TGIF Teacher Newsletter
For most teachers, a vacation is on the horizon, and you most certainly deserve it. Teachers remain persistent and hopeful even when they often don’t get to see the true impact of their hard work.
"Perseverance is the act of true educators who never give up, and who never let the fear of failure defeat them." - Unknown
I'm writing this on a Thursday night after finishing our first round of student-led conferences. Before I hit the "schedule to send" button I thought I'd share a highlight. There were three different conferences where students shared publicly in front of their parents and teachers that it was important to them that they make their parents proud.
First, their declarations made me smile. Then I thought what an awesome responsibility the teachers, parents, and adults of the world have to show children the right ways to make us proud.
Teaching is tiring work. It's important work. Thank you for doing it.
Have a great weekend!
In today’s newsletter…
- Making time for personal reading
- Focusing on how science shapes the world
- Using brain breaks to help students recharge and focus
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Here are some articles and resources that grabbed my attention.
- Reading for Fun - Teachers play a critical role in cultivating students' love for reading, but it is important not to overlook your own reading habits and needs. A recent study found that nearly half of teachers do not read for pleasure regularly. To rediscover the joy of recreational reading, take a moment to reflect on your reading journey, consider embracing diverse reading formats, and find a reading community. We are fortunate enough to have twenty minutes set aside where students can read books of their choice. Being able to read with them during this time is one of the highlights of my day.
- Relevant Science - In a recent interview on Wisconsin Public Radio, School of Education faculty member John Rudolph discussed his new book, "Why We Teach Science (and Why We Should)," which challenges the current approach to science education in the United States. Rudolph argues that the focus on content memorization should shift towards fostering a deeper understanding of how science shapes the world. He emphasizes the need for a curriculum that engages students and highlights the relevance of science in their daily lives. Relevancy can often be the hook that boosts student engagement. You can listen to the entire interview here.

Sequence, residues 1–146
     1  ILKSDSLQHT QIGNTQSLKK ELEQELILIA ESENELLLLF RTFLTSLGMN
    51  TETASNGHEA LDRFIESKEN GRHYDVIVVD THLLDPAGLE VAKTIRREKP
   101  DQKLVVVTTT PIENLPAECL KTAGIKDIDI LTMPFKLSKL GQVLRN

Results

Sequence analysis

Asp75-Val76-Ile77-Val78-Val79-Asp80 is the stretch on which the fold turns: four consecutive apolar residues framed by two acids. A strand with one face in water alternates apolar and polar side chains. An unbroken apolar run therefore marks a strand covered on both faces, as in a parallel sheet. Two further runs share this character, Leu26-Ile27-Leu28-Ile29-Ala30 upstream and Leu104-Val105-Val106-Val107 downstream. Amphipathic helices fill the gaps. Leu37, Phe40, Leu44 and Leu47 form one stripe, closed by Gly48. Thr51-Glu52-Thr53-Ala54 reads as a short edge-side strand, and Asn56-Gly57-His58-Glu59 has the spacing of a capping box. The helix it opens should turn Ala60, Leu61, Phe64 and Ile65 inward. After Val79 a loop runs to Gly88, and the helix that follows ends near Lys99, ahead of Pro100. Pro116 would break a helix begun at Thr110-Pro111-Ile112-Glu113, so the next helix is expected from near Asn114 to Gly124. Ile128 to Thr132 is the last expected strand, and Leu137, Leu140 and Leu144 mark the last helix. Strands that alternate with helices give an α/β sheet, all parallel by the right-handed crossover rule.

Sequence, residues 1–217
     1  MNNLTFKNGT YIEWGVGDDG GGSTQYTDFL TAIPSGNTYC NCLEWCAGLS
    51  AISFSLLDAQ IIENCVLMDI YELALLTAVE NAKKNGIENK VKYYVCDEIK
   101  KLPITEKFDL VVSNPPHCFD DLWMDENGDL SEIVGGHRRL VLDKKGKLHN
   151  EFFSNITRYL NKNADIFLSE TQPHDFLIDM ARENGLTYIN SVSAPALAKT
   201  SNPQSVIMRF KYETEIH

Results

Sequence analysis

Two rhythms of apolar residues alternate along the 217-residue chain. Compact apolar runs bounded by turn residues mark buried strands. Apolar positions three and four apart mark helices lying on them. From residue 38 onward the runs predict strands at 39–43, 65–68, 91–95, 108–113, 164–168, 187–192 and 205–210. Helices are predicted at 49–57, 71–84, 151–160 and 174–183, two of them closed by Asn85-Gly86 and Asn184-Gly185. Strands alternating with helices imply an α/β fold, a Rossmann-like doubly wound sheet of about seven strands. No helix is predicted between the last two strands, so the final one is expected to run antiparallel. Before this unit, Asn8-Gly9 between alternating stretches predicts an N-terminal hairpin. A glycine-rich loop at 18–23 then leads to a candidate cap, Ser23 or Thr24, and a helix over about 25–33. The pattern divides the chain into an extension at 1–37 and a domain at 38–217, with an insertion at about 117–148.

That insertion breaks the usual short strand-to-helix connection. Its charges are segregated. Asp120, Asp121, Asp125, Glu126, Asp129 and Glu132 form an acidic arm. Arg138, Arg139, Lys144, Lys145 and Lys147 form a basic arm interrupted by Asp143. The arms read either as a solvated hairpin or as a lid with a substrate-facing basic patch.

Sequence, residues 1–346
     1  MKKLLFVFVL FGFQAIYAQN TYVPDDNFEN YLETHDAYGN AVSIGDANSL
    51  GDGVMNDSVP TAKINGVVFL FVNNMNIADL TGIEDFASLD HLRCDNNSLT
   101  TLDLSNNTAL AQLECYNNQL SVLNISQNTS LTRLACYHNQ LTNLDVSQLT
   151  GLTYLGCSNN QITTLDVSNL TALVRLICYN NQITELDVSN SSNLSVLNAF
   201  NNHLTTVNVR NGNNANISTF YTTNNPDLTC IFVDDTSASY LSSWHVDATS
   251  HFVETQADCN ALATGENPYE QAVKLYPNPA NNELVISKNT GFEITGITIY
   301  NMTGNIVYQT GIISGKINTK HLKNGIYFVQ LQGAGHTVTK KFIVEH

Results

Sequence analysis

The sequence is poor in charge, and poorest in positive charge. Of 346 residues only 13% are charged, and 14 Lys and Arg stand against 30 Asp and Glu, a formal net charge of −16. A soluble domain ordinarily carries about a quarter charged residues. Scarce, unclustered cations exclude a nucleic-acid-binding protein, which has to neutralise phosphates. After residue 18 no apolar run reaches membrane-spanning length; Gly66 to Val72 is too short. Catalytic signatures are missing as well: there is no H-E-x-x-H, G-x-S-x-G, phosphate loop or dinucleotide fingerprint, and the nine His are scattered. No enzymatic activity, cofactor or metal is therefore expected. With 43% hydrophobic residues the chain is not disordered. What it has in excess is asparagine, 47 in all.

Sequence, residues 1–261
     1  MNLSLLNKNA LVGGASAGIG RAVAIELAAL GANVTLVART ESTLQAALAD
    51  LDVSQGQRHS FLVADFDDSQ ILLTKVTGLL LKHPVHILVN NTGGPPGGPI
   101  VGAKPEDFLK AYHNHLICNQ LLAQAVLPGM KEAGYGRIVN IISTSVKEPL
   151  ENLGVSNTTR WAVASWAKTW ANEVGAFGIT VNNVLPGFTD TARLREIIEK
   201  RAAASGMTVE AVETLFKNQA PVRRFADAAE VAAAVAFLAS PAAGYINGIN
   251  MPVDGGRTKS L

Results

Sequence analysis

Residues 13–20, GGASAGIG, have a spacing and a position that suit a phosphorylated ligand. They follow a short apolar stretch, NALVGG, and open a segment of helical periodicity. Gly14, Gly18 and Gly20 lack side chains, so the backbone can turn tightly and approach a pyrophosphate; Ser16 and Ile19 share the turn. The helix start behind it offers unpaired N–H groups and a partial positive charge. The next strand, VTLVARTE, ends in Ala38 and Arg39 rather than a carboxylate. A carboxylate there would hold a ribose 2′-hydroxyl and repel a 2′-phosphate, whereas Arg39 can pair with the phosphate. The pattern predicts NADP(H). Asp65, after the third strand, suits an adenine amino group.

- AI Prompts - If you are interested in testing out how artificial intelligence might help you in your teaching practice, this PDF, "40 Proven AI Prompts for Educators," will get you started. The more I learn about AI, I can see that there are time-saving benefits that it will offer to teachers. Recently, I used Magic School AI to create a rubric for a student project, and it worked amazingly well.
- Brain Breaks - Incorporating brain breaks into classroom routines can help students recharge and maintain focus. These breaks, which can include physical activities, mindfulness exercises, and short walks, can improve overall well-being and reduce stress and anxiety in students. Here are 12 brain-break ideas. This year, I have used them regularly. These breaks have been enjoyable and have had a positive impact on our classroom culture.
Personal Development and Wellness Resources
- How Hard Should You Push - What’s the right balance between pushing yourself while avoiding the harmful effects of chronic stress? It can be helpful to have a plan in place so that when you feel the negative effects you know what to do. Just having the plan in place reduces the negative impacts. In addition, building a strong social support system can help you put your stressors into perspective.
- Unconventional Advice - Maintain mental liquidity. Wrong turns make for magic. Make time to work on your top goals. Here are six more unconventional pieces of advice. The 1-1-1 journal practice is worth looking into.
- What to Leave Alone - Simplicity can help you experience life more fully. Taking time to get rid of the unnecessary extras reveals the important things. One of my favorite quotes is, "A man is rich in proportion to the number of things which he can afford to let alone." - Henry David Thoreau
"Comfort is the world’s greatest producer of anxiety. Because it’s a lie.” - Evan Thomsen
Teacher Commuter Playlist: Keep It Simple by Keb' Mo'
- Conversation Cafe - My teaching partner organized a wonderful conversation cafe for our 8th graders to discuss their self-selected Civil War books. My other partner baked homemade chocolate chip cookies for the students, and the school provided hot chocolate. Peaceful music was playing in the background while the students asked and answered questions about their books. It was a joyful teaching moment.
- EL Education - I am proud of my connection to EL Education, both as a teacher at an EL Education school (Go Muskies!) and as an ELfluencer. At the end of this month, I will be attending the National Conference in Denver. I'm always impressed by how involved students are in various leadership roles. According to Jessica Wood, EL Education's Director of Experiential Marketing and Student Ambassador Liaison, "At the heart of EL Education's vision and mission lies a profound belief in the transformative power of student voice and presence.” I look forward to sharing my experiences from this year's #ELNC23 adventure. #sponcon
- Hat - Highly Caffeinated Teacher - I created the design for this hat and really like how it turned out. If you are like most teachers a good jolt of caffeine is part of your daily routine.
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